2 Yukon 'preppers' get ready for when — not if — disaster hits the North

Two Whitehorse-area friends, who call themselves 'preppers,' are preparing for when the territory can't rely on supplies coming up from southern Canada.

Sonny Gray building sunken greenhouse to prepare for weather, economic, or world-conflict disaster

Joel Gaetz, left, is the financial guy and Sonny Gray is the ideas guy. They're both preparing for 'when' a disaster hits Yukon and cuts off supplies from southern Canada for an extended period. (Meagan Deuling/CBC)

World conflicts, economic chaos and extreme weather are disasters that could force Northerners to fend for themselves, say two Yukon "preppers."

Sonny Gray and Joel Gaetz are preparing for when — "not if"  — a major event occurs and supplies from southern Canada aren't available. Something similiar to this happened in 2012, when mudslides, floods and highway closures led to bare shelves in Whitehorse grocery stores.

So Gray took it upon himself to build a sunken greenhouse on his farmland in the Whitehorse area where he lives with his wife and five sons. He's also clearing fields where he will plant oats and peas and raise pigs, goats and rabbits.

Gray is raising pigs, goats and rabbits as part of his plan for self-sufficiency when the territory is cut off from the south. (Meagan Deuling/CBC)

"It's my job as a husband and a father to be prepared and have something, provide food and security for them, right?"

All Yukoners need to be ready for a large-scale disaster, Gray says.

He says the ice storm in 1998 in Quebec is what made him rethink the way he was living. That natural disaster caused a state of emergency from eastern Ontario to southern Quebec, cutting off power to millions of people, some of whom suffered from hypothermia and carbon monoxide poisoning.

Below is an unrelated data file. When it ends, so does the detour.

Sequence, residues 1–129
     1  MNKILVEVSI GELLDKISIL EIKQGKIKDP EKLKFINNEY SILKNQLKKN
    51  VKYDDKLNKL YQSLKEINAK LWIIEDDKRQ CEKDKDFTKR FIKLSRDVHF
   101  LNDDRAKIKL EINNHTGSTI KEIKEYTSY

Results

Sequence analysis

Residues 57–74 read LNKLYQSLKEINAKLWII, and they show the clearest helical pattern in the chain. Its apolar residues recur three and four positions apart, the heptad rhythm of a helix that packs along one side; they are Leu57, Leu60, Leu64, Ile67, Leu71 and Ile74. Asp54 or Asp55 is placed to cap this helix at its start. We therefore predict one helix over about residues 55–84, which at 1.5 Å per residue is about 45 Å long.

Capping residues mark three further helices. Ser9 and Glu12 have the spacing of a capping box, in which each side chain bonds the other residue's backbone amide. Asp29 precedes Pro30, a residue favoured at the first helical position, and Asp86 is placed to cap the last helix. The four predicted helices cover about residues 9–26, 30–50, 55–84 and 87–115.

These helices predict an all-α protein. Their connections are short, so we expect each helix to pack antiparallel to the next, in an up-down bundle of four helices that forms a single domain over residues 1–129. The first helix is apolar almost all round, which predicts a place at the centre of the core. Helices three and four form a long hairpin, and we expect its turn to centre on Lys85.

At the time, Gray's family was the only one in the neighbourhood with a wood stove, which ended up being imperative.

He says farming is another proactive way of preparing for a potential disaster.

"If you look at that Great Depression, for example, the people who survived, and did the best, whose lives didn't change too, too much — other than the fact that half their family moved in with them from the city — was farmers," said Gray.

"They were already prepared."

Gray's pigs on his Whitehorse-area farm. (Meagan Deuling/CBC)

His friend Joel Gaetz, an accountant, said he has enough food and ammunition stockpiled to last through a winter.

"There is a very good likely chance that there will be an economic event, whether it's a recession or something closer to what we saw in the 1930s with the Great Depression," said Gaetz.

"And being up north in the Yukon, in a place where we can't produce enough food to sustain ourselves, is something that's very concerning for me and my family.

"So I've took it upon myself to start preparing."


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